Limitation Periods Not Determinative When Adding Parties to Existing Litigation
One of the exceptions to the strict application of limitation periods relates to adding parties to existing litigation. In these circumstances an expired limitation period is not, in and of itself, a barrier to add a party to a lawsuit in the BC Supreme Court. This was demonstrated in reasons for judgement released this week by the BC Supreme Court, New Westminster Registry.
In this week’s case (Haworth v. Haworth) the Plaintiff was injured while riding as a passenger in a vehicle driven by her husband in 2007. The vehicle lost control in icy conditions. She sued him for damages. In the course of the lawsuit ICBC plead the “inevitable accident” defence and eventually added the appropriate road maintenance company as a Third Party. The Plaintiff then sought to add this party as a Defendant. The Road Maintenance company objected arguing, among other matters, that the limitation period to sue them has expired. Master Keighley found this unpersuasive and granted the Plaintiff’s application. In doing so the Court provided the following reasons:
 There is, as previously confirmed, a presumption of prejudice if a proposed defendant will be deprived of a limitation defence by his addition as a party. Also, as previously indicated, the relevant period during which prejudice is to be assessed is that which follows the expiration, in this case, of the three year period following the date upon which the cause of action arose. The plaintiff will certainly suffer prejudice if her application is dismissed. She will lose a possible claim against a party or parties with potential liability. This issue, Wilson J. indicates in Walsh v. Blair, Vancouver Registry, Action No. M015646, BCSC, said as follows:
 There is prejudice to the plaintiff in that if the application is not allowed, she will lose a right to claim against a party with potential liability. As noted in Takenaka v. Stanley (2000), 91 B.C.L.R. (3d) 179 (S.C. Master), that will usually outweigh the loss of a potential limitation defence to a potential defendant. Generally, the courts are reluctant to deprive a plaintiff of his or her day in court, so that the trend in the cases appears to be that it will take more than theoretical prejudice to outweigh the loss of that potential claim.
 The plaintiff’s potential peril becomes more significant when one considers that, should the application be dismissed, and should the present defendant succeed on the issue of unavoidable accident, she will be left without remedy although blameless with respect to the circumstances of the accident.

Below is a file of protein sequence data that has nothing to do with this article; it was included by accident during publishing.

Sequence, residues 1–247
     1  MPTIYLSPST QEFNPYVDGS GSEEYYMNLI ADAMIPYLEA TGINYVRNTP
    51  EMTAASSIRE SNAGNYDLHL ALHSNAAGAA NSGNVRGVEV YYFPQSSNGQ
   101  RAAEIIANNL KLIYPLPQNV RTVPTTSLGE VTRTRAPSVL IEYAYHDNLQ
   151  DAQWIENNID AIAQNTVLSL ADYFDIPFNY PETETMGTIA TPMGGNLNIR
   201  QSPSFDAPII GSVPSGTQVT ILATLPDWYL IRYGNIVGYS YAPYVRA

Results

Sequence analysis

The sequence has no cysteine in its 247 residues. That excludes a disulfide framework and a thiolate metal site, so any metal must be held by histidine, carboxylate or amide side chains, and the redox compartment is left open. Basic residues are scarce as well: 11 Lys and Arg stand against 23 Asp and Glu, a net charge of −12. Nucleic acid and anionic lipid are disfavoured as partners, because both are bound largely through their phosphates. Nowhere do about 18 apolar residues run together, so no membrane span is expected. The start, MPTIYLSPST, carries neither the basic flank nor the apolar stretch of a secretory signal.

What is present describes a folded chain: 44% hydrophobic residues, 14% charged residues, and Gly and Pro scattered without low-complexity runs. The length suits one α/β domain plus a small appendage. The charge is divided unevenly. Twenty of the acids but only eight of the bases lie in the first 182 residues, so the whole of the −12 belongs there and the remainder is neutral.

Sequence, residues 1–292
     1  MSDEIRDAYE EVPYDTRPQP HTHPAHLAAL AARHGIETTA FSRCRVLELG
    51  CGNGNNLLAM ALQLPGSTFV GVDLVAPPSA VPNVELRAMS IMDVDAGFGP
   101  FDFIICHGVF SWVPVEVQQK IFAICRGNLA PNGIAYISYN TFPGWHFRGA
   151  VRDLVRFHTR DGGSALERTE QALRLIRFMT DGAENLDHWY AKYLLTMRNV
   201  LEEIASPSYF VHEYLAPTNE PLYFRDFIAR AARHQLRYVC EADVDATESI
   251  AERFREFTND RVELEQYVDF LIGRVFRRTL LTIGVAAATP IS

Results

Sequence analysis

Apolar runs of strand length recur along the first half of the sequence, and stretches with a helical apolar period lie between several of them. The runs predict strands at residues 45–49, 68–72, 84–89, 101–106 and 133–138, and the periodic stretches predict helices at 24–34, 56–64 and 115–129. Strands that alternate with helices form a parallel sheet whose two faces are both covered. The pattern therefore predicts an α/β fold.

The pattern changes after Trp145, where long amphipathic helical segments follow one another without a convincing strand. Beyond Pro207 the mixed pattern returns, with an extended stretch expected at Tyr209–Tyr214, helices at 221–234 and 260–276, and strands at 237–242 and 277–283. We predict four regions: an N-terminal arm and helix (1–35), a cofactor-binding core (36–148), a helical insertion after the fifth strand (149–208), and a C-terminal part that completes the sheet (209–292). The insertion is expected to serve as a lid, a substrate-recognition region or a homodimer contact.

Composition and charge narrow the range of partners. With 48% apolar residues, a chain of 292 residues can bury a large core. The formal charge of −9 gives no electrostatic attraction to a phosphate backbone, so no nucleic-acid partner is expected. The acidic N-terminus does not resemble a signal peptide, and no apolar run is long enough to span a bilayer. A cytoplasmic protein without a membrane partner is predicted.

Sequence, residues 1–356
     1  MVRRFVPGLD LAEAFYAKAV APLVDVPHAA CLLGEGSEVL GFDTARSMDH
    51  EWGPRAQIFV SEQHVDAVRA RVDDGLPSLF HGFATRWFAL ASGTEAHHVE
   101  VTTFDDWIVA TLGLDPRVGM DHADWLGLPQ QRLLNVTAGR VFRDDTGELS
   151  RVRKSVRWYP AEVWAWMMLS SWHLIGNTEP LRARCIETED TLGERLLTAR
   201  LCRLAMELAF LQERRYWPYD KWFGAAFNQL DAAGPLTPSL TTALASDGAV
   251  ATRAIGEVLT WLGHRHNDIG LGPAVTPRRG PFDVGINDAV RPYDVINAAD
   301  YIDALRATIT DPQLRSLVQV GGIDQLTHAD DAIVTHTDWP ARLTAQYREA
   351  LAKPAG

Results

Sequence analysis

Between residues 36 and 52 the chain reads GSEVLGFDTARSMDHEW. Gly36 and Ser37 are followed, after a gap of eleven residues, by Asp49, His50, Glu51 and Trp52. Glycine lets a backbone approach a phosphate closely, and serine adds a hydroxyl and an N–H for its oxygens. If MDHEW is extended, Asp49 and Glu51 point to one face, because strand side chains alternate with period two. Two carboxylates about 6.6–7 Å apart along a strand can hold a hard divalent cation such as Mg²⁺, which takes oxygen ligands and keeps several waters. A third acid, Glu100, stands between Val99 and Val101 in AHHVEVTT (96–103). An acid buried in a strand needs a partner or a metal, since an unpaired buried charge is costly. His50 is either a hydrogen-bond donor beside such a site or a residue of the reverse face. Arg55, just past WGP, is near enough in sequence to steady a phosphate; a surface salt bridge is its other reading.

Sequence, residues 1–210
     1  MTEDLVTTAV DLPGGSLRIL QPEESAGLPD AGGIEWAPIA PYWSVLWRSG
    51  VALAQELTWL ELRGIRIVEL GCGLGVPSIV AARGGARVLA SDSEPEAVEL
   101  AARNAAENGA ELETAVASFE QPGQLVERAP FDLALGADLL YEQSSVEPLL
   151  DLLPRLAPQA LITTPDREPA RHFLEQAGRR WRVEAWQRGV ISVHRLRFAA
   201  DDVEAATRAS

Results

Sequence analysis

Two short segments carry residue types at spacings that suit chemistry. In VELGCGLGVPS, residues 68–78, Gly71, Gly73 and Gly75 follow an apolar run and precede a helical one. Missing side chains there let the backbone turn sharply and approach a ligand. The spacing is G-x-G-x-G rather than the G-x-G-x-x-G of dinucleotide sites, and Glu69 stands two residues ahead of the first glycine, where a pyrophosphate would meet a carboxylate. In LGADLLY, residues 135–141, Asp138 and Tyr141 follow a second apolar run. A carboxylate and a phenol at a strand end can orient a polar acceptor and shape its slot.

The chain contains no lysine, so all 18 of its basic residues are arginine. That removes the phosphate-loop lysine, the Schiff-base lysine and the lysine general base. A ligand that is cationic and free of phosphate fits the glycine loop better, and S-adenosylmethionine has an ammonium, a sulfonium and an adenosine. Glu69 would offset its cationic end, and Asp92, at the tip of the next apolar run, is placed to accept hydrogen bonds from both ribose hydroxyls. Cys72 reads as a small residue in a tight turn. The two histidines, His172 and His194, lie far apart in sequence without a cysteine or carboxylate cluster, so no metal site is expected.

Neither Her Majesty the Queen or Argo Thompson allege, as is often the case in such applications, that they have been prejudiced by an inability to investigate the claims against them. HMTQ has, of course, been aware of the potential claim since May 12, 2011 when the application to add the Third Parties was brought. There was no evidence of any investigation conducted by HMTQ after that date to the present. While it seems likely the government representatives would have discussed the potential claim with representatives of Argo Thompson at an early date, there is no evidence of that and I can make no such assumption. With respect to itsinvestigation, Argo Thompson says as follows (and this appears in Affidavit No. 2 of Yvonne Van Vliet, a paralegal in the employ of Argo Thompson’s counsel):
14. Attached as Exhibit “J” to this affidavit is a true copy of the timecard signed by plough operator Chris Jones on November 12, 2007. Mr. Jones’ timecard indicates that he commenced his shift at 5:00 p.m., on November 12, 2007 and worked until 4:25 a.m., on November 13, 2007. On his timecard he recorded applying 41 cubic meters of winter abrasive (activity 310B) to the Coquihalla Highway during his shift.
15. On May 22, 2012 I was informed by Tom Bone, General Manager for Argo, during a teleconference, that Chris Jones has not been employed with Argo since 2008, nor has Argo been in contact with him since 2008. Furthermore, Mr. Bone informed me that Argo is not aware of Chris Jones’ current address or contact information.
 There is no indication that Mr. Jones cannot be found, what reasonable steps have been taken to locate him, or even whether his evidence, beyond that contained in the records, is required for the defence of these claims. With respect to records, there is no evidence to suggest that any are missing or have been destroyed.
 In the circumstances, I find that there is no prejudice to these proposed defendants in making the order sought, whereas the potential prejudice to the plaintiff, should she be deprived of potential claims, is overwhelming. An order will go in the terms of the application. Costs will be in the cause.